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IPS Gaps Investment Policy Statement


A 2017 Callan Survey reports that 90.9% of defined contribution plans have investment policy statements.  Department of Labor auditors will ask to see these, although nothing in ERISA specifically requires that plans have them.  Investment policy statements are plan documents and they aren’t all equal.  The ones that come across my desk can vary greatly in coverage and details.  So when plan fiduciaries tell me they already have an IPS, I always ask if the IPS was reviewed by a lawyer before it was adopted.  All too frequently, I learn that it was not.

If your IPS has problems or gaps, they can create legal problems, but it is not too late to fix them.  Your IPS should be reviewed regularly for needed changes.

Here are some red flags:

  • An IPS that is designed to protect your advisor or vendor. The purpose of the IPS is to protect the sponsor’s internal plan fiduciaries.  It is not intended to provide cover for the advisor by listing every detail of the advisor’s review process.  An IPS should also never lock the plan into a particular vendor with statements such as: “Our investment policy is to pick a diversified menu from among the choices provided by ____.”  An IPS should be a “big picture” document that defines the elements of a prudent process regardless of who is providing plan services.
  • An IPS that doesn’t have a section on fee review. According to the Callan Survey, less than half of plans have written fee policies.  If you don’t have a fee policy, it is really important that your IPS describe a process for determining that fees are reasonable in relation to the services provided.  You would be well-advised to include sections on regularly benchmarking fees and doing rfp’s.
  • An IPS that doesn’t discuss QDIA or target date fund review. As automatic enrollment becomes more and more popular, the assets in qualified default alternative investment funds (“QDIAs”) keep climbing, but many IPS documents don’t discuss QDIA processes.  The most popular QDIAs, target date funds, have multiple fee layers and different glide paths and mixes of investments, and they are definitely not fungible.  Your IPS should have a comprehensive QDIA section covering the elements of selecting and monitoring your default investment.  This should include an analysis of the alternatives to target date funds, even if they are your QDIA, and standards for selecting and monitoring your QDIA.  If target date funds are just one of your optional investment choices, a section on target date fund review and monitoring is still a good idea. And if you previously just adopted your vendor’s target date funds without investigation, the new provisions should be put into practice immediately.  They may help you find better tdf’s.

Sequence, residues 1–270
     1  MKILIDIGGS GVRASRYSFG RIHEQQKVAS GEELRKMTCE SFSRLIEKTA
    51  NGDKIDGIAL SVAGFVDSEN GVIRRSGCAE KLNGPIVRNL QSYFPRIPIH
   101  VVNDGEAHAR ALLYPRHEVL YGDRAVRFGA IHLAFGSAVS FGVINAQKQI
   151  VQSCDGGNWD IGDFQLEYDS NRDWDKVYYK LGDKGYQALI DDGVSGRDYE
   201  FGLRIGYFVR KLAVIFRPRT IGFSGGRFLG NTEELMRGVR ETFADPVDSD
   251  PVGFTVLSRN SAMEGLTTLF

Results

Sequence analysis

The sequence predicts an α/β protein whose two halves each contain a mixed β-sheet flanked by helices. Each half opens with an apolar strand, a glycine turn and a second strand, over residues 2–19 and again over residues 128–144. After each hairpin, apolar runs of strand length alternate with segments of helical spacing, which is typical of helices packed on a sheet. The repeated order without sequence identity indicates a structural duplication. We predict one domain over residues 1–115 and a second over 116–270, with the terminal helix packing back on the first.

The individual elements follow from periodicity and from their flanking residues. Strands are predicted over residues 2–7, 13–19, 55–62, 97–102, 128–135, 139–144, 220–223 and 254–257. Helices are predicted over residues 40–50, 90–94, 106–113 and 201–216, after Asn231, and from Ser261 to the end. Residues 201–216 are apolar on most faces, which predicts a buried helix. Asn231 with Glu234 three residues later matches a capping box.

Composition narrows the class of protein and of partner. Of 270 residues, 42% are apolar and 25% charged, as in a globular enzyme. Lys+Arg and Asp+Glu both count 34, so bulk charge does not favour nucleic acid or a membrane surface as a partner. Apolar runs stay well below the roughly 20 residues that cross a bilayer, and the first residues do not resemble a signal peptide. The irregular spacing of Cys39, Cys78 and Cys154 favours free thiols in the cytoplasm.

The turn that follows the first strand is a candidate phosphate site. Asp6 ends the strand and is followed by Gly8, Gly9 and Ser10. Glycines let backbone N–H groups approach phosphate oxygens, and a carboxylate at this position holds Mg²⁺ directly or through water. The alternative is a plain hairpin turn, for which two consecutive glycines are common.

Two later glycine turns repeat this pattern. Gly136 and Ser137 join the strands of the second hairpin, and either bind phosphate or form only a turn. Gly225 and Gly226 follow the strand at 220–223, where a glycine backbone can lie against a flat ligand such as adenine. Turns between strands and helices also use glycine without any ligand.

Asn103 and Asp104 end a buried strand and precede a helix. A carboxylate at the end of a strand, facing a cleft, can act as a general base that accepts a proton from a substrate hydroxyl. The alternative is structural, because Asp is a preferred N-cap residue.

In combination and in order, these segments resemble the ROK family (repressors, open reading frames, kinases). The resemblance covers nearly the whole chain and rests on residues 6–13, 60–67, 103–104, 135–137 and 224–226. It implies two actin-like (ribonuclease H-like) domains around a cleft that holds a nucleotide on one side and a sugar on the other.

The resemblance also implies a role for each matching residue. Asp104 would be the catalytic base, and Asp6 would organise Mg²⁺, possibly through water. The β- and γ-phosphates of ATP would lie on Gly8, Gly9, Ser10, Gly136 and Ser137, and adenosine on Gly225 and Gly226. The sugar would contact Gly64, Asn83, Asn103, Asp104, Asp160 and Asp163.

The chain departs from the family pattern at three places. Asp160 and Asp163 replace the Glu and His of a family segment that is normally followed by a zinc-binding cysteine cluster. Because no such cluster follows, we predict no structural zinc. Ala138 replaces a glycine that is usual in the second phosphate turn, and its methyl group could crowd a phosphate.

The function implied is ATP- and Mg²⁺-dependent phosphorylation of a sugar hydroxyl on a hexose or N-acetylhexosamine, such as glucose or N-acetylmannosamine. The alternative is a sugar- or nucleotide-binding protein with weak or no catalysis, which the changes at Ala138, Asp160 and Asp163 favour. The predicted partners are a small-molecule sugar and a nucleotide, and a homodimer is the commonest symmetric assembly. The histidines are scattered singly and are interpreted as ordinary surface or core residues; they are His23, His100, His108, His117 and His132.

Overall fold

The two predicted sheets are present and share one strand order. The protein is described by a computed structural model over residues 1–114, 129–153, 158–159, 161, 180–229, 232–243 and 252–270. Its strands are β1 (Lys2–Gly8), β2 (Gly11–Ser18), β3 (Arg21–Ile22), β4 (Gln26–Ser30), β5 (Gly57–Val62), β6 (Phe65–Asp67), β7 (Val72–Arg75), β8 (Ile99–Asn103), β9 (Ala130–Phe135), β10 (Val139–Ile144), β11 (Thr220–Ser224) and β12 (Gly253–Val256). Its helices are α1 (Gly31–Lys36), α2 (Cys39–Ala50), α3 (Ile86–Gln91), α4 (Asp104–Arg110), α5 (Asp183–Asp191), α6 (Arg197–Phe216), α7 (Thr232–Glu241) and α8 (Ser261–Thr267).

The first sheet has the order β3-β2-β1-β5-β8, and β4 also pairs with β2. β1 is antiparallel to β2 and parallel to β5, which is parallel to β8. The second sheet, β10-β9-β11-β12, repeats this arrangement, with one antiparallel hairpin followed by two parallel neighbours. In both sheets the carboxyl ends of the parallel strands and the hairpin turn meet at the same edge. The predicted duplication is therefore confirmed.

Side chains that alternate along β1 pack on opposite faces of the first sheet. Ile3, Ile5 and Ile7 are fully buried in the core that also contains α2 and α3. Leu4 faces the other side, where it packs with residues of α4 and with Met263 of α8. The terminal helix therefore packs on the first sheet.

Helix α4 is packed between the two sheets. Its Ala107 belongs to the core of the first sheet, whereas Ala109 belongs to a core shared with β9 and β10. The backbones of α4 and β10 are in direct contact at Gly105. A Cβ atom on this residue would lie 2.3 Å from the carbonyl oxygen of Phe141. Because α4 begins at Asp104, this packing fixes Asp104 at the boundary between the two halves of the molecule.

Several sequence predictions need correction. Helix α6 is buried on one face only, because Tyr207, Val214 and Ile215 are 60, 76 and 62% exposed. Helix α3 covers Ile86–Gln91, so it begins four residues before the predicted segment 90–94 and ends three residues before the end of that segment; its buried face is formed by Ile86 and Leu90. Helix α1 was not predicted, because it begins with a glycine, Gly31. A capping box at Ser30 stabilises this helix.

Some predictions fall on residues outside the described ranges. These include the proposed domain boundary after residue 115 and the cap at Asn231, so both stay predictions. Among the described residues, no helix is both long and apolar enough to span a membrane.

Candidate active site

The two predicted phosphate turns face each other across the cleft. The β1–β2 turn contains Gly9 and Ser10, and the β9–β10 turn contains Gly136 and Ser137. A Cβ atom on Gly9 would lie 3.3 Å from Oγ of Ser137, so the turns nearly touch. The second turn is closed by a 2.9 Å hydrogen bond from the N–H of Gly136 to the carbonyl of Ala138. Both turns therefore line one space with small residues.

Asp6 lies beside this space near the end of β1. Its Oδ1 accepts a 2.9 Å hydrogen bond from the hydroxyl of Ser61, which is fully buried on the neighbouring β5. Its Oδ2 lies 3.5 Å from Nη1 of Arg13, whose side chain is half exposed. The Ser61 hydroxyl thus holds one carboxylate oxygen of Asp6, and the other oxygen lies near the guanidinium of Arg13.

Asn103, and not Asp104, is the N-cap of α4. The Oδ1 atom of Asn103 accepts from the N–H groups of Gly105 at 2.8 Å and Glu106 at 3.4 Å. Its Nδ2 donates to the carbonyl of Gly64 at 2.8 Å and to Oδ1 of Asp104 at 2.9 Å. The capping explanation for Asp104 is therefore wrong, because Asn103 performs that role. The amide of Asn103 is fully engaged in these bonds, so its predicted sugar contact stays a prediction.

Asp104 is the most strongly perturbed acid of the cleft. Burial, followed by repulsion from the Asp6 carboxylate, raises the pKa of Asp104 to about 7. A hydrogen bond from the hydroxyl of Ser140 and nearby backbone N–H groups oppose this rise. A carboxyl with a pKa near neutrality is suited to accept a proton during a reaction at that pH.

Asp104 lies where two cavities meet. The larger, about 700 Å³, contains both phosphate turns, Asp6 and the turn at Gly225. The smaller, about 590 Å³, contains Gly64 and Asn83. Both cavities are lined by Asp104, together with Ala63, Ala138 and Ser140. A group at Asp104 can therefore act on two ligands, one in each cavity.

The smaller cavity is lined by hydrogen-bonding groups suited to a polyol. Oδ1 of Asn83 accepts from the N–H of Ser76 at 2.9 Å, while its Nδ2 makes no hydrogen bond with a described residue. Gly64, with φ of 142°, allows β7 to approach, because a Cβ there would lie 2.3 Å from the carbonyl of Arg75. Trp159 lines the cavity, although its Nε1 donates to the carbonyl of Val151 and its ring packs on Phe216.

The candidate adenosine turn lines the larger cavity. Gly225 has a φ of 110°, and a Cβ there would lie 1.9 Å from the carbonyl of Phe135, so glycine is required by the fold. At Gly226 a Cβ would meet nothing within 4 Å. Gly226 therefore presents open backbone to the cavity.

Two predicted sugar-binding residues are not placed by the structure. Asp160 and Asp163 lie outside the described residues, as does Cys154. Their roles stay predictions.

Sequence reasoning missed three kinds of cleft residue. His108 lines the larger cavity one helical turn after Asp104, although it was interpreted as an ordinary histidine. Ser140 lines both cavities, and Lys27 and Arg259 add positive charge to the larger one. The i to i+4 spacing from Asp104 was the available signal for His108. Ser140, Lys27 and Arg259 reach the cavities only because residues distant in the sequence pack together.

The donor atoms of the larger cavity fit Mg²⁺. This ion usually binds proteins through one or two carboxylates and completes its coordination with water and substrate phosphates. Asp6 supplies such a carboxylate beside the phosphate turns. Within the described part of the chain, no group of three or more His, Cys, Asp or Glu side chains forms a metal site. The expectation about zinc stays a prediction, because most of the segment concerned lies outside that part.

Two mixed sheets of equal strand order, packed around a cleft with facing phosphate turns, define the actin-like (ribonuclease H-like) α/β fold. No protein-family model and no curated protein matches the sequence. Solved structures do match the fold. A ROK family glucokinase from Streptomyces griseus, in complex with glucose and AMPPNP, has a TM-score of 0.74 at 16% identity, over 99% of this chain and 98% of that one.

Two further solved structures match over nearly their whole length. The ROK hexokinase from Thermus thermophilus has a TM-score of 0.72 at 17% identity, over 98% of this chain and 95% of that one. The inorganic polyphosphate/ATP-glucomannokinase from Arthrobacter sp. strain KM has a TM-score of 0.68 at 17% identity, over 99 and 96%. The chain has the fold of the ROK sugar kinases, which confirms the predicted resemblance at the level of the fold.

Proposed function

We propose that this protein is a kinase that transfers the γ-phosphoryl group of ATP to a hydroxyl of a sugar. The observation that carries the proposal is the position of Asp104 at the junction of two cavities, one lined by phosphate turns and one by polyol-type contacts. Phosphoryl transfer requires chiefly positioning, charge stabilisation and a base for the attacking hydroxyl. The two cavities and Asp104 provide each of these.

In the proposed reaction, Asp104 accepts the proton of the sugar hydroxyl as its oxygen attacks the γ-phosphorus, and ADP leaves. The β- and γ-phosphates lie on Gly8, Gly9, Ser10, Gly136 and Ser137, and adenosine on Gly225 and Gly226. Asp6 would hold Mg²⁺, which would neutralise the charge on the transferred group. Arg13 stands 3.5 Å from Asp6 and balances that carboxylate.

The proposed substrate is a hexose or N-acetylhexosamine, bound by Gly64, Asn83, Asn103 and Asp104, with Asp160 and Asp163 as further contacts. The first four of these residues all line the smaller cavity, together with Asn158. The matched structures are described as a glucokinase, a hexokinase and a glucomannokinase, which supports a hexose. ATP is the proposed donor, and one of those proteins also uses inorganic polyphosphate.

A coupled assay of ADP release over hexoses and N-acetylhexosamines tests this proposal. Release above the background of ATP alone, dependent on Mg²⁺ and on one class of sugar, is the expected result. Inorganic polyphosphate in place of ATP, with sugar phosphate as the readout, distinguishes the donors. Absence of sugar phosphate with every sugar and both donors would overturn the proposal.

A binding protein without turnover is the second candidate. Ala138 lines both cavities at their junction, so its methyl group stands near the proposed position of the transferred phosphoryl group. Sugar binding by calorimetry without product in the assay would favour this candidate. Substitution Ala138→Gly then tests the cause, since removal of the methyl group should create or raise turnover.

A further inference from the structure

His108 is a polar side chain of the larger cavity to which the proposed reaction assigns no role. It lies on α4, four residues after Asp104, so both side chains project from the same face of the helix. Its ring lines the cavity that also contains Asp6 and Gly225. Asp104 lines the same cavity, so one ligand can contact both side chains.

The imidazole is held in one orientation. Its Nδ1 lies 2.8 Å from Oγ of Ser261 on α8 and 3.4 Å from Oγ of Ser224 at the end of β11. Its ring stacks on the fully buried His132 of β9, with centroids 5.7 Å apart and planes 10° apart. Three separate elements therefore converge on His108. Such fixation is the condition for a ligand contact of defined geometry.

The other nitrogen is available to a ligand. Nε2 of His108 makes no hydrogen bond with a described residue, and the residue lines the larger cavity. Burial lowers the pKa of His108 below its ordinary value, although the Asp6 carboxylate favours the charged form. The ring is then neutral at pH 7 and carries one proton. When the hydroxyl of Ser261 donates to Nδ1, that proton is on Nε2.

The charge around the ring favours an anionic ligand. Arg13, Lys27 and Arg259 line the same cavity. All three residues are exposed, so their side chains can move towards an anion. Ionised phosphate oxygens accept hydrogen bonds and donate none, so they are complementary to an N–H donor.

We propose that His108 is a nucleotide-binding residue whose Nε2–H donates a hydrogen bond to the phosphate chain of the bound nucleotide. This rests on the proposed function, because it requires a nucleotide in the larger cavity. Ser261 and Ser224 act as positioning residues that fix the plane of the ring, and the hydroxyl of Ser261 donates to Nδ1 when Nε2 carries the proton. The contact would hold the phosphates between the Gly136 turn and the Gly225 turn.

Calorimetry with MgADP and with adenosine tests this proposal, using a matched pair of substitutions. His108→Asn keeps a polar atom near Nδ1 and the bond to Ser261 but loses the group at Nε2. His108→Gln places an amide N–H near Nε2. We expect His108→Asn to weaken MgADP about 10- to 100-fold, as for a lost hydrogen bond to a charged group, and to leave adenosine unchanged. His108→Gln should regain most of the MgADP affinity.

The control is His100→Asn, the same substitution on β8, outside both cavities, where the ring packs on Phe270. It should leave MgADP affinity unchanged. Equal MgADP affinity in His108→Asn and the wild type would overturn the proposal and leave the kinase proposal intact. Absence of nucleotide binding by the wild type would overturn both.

• An IPS that locks you into decisions. Above all, your IPS should provide flexibility in decision-making.  It should never lock fiduciaries into taking a particular action simply because an investment option fails or passes a mathematical test.  Yet the same people who send you an IPS that details every fine point of their review process will often provide mathematical formulas to determine when funds are placed on watch or have to be replaced.  Circumstances change.  If there is a change in the law or in a fund’s manager that you expect to affect future performance, you need to be able to take those factors into account.

Carol Buckmann is the co-founding partner of Cohen & Buckmann.  She is one of the top rated employee benefits and ERISA attorneys in the United States, and is widely known as an outstanding and innovative benefits lawyer, who deals with some of the foremost issues in ERISA, including pension plan compliance, fiduciary responsibilities and investment fund formation.  She regularly shares her thoughts about new developments in the benefits industry on Cohen & Buckmann Benefits Blog.  


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